What Are The Different Types of Cream?
The cream is a thick layer of fat that curdles up on top of milk which is left to stand for a little while. It is usually pale yellow.
The cream has a delectable taste and is often used for various culinary purposes. This cream though is high in its fat content, and yet it has its share of benefits for our body. The cream whips on the basis of the amount of butterfat contained in it. The fat content thus also lays the foundation for classification of cream. Here, we’ve listed the various types of cream.
The Many Types of Cream Known to us are:
• Single Cream
Cream with only 18-20% of milk fat. It has been used traditionally for pouring over various delicacies to enrich their taste. It does not change its consistency when beaten.
• Heavy Cream or Half and Half
Heavy cream or half and half is the mix of half milk and half creme. It makes the cream much less thick in its viscosity. Thus, due to less or no thickness this cream cannot be whipped and is generally used on coffee.
• Channel Island Extra Thick Double Cream
The thick cream which is made from the milk of Jersey cows. Just like normal thick cream, it has a high-fat content of around 48% by weight.
• Extra Thick Single Cream
Single cream which homogenized to give it a rich texture of that like the double cream. It still has only 18-20% milk fat ratio to its weight.
• Light Cream
It is very similar to heavy cream. But has only 20% milk fat and thus cannot be whipped.
• Clotted Cream
The clotted cream is a luxuriously textured, extra thick cream. It has a fat content of almost half its actual weight. It is produced by the process of indirect heating resulting in clots.
• Whipping Cream
Whipping cream contains around 30-38% fat. Its volume can almost be doubled by whipping. It retains its soft texture and thus, is perfect for mousses.
It is an Italian Cream Cheese which is nothing but coagulation of cheese leaving behind the Whey by addition of lemon juice, citric acid or vinegar.
• Reduced Fat Extra Thick Cream
This thick cream has all the features of an actual thick cream but much-reduced fat, making it unsuitable for whipping and boiling. Though, the rich texture is still retained.
• Chantilly Cream
Just add a hint of Vanilla essence to whipped cream and Chantilly cream is ready.
• Double Cream
Double cream has the highest fat content. It is said to have 48% milk fat and needs no thickening agents.
• Pressure Pack Whipped Cream
When nitrous oxide gas is propelled in the cream to create pressure, so that every time we release the valve a whipped cream is directly obtained from cream with 25% milk fat, the resultant thus, obtained is called the pressure pack whipped cream.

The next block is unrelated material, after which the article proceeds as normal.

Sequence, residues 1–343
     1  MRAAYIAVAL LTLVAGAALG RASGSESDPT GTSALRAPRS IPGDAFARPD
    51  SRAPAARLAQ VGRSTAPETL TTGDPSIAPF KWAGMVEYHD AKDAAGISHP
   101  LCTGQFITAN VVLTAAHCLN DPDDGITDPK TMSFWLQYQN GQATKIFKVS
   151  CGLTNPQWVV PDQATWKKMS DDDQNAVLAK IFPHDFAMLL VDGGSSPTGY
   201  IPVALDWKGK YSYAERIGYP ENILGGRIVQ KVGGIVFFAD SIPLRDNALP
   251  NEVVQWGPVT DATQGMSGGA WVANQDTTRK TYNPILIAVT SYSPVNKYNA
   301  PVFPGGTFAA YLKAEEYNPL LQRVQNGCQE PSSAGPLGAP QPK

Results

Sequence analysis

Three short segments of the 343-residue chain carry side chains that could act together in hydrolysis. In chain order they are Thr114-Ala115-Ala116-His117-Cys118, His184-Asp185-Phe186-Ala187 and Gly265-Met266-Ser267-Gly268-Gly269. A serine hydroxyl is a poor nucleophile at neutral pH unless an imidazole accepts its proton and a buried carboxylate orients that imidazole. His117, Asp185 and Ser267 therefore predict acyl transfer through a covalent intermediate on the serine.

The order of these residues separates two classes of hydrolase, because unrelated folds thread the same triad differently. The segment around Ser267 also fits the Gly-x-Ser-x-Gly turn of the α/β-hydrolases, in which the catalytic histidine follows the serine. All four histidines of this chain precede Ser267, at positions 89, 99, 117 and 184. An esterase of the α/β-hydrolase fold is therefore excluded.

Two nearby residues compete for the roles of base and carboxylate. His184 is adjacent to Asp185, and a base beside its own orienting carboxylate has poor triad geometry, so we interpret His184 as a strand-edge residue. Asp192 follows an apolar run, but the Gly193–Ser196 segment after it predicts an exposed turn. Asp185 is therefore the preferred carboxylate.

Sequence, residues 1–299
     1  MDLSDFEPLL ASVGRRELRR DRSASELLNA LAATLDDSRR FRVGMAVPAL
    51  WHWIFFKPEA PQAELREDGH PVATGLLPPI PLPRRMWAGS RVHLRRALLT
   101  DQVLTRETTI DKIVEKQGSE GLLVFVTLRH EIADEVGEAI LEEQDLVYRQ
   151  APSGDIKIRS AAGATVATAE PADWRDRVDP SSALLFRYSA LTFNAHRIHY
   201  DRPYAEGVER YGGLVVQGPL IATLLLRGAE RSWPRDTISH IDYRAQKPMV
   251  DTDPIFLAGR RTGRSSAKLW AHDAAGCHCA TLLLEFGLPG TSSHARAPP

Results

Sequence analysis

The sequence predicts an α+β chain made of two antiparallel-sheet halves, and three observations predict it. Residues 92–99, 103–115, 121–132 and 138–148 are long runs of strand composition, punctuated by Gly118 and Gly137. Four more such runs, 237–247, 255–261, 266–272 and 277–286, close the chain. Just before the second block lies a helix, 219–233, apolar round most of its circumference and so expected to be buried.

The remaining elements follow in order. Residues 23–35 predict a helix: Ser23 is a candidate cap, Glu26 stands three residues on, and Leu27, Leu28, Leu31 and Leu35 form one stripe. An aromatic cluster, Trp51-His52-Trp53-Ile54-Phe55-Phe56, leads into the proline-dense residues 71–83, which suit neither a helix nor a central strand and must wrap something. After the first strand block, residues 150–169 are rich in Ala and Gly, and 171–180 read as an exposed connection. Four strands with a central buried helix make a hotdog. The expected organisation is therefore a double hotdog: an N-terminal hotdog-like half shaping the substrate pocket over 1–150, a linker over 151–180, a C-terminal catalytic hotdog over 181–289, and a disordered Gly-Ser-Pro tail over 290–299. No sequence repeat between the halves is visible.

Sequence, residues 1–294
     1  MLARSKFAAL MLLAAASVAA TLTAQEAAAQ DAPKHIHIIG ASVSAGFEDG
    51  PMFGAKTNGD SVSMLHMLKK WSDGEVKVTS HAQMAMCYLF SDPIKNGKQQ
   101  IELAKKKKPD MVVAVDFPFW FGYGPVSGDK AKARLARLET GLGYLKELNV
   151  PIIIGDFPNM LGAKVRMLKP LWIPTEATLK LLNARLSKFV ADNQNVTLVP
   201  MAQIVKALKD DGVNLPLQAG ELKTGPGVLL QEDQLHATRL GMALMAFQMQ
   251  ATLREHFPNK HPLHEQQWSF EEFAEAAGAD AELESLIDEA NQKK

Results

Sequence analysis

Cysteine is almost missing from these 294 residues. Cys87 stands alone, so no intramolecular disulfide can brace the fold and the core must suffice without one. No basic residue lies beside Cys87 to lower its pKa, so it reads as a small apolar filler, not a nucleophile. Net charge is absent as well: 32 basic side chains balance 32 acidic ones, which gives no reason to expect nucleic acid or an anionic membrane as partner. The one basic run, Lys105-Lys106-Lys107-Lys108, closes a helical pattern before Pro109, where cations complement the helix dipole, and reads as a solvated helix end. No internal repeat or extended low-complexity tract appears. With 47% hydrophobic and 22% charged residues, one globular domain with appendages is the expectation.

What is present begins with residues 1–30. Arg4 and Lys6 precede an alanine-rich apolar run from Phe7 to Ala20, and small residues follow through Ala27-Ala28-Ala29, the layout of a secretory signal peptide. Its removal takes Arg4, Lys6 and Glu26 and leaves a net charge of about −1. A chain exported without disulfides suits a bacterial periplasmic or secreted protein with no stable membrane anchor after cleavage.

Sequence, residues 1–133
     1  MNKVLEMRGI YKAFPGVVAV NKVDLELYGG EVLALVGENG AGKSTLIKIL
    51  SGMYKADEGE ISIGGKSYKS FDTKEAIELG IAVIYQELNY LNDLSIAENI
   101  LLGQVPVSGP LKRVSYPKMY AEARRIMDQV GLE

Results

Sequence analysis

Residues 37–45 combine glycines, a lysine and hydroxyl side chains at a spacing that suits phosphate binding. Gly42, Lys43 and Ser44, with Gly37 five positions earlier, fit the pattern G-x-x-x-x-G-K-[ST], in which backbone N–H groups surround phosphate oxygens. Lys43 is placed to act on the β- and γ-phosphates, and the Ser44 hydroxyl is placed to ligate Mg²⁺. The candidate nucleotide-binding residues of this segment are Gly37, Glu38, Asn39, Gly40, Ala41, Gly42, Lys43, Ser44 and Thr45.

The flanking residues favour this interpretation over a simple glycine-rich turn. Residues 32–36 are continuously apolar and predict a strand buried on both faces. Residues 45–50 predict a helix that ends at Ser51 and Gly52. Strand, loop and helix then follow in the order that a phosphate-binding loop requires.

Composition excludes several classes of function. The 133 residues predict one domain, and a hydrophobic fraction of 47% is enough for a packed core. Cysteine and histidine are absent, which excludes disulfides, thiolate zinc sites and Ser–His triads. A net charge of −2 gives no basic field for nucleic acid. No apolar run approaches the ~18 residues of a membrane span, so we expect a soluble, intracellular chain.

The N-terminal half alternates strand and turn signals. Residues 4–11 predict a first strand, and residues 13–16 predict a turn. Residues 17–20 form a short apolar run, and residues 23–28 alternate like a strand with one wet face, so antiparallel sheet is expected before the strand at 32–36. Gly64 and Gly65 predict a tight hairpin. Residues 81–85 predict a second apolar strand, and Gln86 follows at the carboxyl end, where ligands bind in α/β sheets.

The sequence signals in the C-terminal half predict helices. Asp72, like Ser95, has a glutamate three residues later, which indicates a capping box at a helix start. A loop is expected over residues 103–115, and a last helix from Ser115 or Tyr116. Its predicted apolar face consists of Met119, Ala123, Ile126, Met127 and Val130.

• Clotted Cream
Unlike other creams, this cream has a caramelized flavor to it. It has high milk fat content of around 48%.
• Reduced Fat Single Cream
It has only around 12% milk fat. And is much light in its viscosity and thus is not suitable for either whipping or boiling.
• Crème Fraiche
It is also known as The chefs favorite. This crème is developed by adding lactic acid to cream and then left to develop a slightly tart, acidic and a very refined nutty flavor to it.
• Long Life Cream
To increase the shelf life of cream which has around 35% milk fat. It is passed through the high heat for short time durations to stabilize it. Long life cream is said to have undergone the Ultra Heat Treatment.
• Sour Cream
Sour cream is produced by adding some bacteria to the cream and then heating it to only about 20 degrees for a good 12 to 14 hours. This process leads to the formation of Lactic Acid which gives the sour cream its sour and tart flavor and a thick consistency.
Sour cream is also one of the healthiest creams and has a high vitamin and mineral content. Though, it has a very short shelf life of only 3 days once opened or made.
• Manufacturing Cream
It is used in professional kitchens and is not available over the counter at stores.
• Pure Cream
Unlike all other creams, this is raw cream as it is. This cream has a high-fat content of around 40% and no thickening agents, or any sort of culture are added to it.
• Canned Cream
The cream which is sterilized and contains only 21% milk fat is called canned cream as it has a long shelf life. It can be consumed whipped, as is, with desserts or ice-creams.
• Thickened Cream
Additives are added to cream to thicken its texture. It has around 35% milk fat. The additives generally used are vegetable gum, gelatin, and other modifying agents. There is another low-fat version of the thickened cream, but due to its low-fat content, the cream does not whip much.
Rich textured and delicately flavored, this smooth delicacy is not as much healthy as milk itself. It has high-fat content which if consumed in more than required amounts can lead to cholesterol and create other side effects like weight gain etc. But, there is no harm in including it once in a while in our meal portion to add some rich flavors and smooth texture.
Also, some specific cream varieties like sour creams have a nutritional value and are considered extremely healthy due to their nutritional content. Thus, we cannot generalize the fact that creams are not beneficial rather the use of these can be done in other forms as well to help our skin glow, our hair grow, etc.
Understanding the various cream types, textures and flavors make it easier for you to select the perfect variety for your use and consumption.
Lastly, a generalized trend being noticed these days is a shift towards consumption of raw milk over dairy products even though usually dairy products are considered healthy and apt for consumption.
Finally, I leave it one you to decide the right amount of cream that you can inculcate in your diet without going overboard with its quantity and yet be able to savor its amazing flavor and taste.